The Looping Online Journey
Other approaches posit that we’re looking at the trusty kitchen utensil from the wrong direction. Look at a funnel from the top down and what have you got? A circle!
One way of considering the modern sales journey is as a looping process. As with the traditional funnel, it starts with awareness. As the buyers filter down towards the “consideration” stage, more cautious buyers can detour to a “research and discovery” loop that eventually brings them back to the main path.
When they eventually buy, they enter a post-purchase phase with an optional “loyalty loop” to visualise loyal customers bypassing the previous stages and directly circling back to make another purchase or recommending the brand to their contacts.
This alternative approach builds on the traditional funnel by adding an optional step for customers to go away and do their own research, as well as including the possibility of post-purchase loyalty.
In my view, that loyalty loop is an important addition. The ideal goal nowadays is no longer simply to win the sale, but to earn enough good favour with the customer that you achieve repeat business as a result.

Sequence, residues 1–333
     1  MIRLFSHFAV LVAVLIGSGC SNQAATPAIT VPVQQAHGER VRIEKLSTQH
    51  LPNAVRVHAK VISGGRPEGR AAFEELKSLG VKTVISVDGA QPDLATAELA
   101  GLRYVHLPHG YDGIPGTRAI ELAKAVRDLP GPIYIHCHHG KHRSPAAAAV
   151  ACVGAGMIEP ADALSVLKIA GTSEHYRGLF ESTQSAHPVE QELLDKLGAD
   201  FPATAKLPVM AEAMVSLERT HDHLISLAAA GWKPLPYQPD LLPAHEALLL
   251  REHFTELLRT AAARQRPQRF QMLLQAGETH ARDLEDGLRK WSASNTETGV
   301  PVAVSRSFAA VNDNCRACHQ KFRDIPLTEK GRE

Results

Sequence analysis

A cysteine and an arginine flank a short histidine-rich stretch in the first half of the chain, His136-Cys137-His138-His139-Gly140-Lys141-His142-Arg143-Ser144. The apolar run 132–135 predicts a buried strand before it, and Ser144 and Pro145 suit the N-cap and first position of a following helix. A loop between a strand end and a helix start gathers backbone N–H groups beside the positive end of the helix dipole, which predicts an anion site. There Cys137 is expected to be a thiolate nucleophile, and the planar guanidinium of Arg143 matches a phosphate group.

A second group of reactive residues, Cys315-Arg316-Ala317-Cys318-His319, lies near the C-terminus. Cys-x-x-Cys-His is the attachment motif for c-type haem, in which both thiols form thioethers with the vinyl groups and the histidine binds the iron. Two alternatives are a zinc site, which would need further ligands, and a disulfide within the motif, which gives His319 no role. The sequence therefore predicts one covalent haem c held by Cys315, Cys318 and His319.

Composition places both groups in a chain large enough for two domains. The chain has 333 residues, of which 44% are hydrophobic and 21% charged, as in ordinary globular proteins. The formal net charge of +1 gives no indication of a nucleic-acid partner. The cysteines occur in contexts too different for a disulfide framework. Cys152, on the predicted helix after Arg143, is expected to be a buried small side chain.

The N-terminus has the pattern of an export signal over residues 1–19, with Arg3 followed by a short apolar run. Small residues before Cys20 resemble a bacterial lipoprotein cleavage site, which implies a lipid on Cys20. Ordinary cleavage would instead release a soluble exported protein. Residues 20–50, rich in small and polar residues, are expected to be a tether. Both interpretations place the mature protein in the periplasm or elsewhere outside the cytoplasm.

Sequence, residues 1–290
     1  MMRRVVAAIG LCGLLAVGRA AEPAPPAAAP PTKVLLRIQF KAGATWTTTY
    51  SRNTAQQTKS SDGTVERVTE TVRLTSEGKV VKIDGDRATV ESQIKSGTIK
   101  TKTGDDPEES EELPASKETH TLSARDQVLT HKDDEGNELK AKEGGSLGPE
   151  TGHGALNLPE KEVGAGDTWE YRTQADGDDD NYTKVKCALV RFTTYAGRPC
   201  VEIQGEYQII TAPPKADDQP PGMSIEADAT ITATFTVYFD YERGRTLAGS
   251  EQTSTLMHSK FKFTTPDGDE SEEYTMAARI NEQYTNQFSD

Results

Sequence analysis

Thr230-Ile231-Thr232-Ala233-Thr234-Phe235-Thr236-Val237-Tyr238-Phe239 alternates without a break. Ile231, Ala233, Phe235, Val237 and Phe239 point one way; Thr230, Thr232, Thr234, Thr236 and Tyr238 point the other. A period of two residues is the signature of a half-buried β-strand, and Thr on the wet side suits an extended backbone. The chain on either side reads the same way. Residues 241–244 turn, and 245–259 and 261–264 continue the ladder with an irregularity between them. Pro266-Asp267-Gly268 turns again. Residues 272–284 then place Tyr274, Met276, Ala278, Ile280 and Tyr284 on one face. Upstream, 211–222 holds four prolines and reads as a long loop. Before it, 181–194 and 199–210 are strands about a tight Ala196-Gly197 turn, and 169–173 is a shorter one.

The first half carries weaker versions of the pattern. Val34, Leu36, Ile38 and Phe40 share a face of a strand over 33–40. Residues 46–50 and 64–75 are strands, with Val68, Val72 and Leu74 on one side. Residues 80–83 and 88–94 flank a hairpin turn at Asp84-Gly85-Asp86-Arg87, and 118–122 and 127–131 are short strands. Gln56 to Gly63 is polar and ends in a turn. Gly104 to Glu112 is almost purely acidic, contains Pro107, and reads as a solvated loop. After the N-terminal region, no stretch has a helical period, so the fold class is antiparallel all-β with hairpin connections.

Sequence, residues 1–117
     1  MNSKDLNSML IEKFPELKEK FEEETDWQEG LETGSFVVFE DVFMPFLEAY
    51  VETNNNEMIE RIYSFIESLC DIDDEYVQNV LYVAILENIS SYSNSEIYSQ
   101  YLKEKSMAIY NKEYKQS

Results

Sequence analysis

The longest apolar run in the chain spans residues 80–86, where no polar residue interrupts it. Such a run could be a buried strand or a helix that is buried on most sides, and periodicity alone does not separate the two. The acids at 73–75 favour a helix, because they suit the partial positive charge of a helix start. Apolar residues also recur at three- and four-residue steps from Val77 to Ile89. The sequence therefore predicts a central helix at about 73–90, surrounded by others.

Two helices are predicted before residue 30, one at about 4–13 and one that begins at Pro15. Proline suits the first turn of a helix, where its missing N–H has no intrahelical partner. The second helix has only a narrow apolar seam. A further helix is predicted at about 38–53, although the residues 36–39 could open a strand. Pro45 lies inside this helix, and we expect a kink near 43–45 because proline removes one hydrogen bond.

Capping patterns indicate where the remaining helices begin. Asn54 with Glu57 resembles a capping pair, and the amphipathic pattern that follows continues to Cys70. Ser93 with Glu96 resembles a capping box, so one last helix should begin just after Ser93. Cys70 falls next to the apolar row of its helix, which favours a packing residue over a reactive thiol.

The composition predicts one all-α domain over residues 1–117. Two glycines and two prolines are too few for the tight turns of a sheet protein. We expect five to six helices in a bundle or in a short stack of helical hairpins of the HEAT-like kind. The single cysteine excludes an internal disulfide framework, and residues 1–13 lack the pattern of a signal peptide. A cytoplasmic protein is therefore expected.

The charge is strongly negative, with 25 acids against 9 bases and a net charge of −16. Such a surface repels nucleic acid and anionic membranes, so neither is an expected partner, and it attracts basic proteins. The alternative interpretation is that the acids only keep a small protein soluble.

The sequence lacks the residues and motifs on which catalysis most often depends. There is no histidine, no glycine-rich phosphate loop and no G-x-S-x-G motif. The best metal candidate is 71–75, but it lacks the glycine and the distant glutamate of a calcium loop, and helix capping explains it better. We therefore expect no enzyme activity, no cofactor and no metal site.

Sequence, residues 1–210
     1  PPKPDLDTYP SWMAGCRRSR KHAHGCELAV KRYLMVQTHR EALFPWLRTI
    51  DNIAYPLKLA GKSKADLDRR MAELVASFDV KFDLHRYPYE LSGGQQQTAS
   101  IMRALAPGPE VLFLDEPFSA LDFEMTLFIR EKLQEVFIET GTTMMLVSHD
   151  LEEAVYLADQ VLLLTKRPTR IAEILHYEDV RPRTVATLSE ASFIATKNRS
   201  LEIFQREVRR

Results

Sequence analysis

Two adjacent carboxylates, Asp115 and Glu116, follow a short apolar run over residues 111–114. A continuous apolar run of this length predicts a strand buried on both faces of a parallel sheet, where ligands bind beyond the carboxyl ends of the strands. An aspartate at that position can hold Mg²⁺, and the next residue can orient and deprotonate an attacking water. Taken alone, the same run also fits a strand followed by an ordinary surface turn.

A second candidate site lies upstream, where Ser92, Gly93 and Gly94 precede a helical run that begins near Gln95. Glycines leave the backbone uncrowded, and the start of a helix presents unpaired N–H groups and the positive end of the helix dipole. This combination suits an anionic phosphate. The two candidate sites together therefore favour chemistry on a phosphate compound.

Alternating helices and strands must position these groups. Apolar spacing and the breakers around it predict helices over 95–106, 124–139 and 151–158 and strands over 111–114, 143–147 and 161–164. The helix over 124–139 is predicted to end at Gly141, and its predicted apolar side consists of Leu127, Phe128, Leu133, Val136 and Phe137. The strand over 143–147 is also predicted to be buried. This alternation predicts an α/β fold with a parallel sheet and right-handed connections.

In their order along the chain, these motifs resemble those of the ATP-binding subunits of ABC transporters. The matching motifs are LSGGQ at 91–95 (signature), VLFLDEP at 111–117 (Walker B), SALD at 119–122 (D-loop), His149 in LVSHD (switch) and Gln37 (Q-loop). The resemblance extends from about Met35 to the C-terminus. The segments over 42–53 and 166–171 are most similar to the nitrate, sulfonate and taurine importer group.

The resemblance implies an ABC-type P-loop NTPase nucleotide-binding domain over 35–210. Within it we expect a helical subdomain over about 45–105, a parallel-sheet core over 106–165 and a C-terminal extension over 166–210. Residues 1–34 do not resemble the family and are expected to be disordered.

The Sales Flywheel
This is an interesting one, as it serves to illustrate both buying stages and the sales momentum that comes from producing more happy customers and generating positive word of mouth.
The sales flywheel focuses on three main stages: Attract, Engage, and Delight, which seek to turn strangers into prospects, prospects into customers, and customers into advocates for the brand. These “promoters” drive more strangers into the flywheel and in turn keep the whole wheel spinning freely.
This model incorporates post-sale loyalty as an inseparable ingredient to sales success rather than a single sale being the only aim.
The Hourglass Funnel – One Funnel Becomes Two?!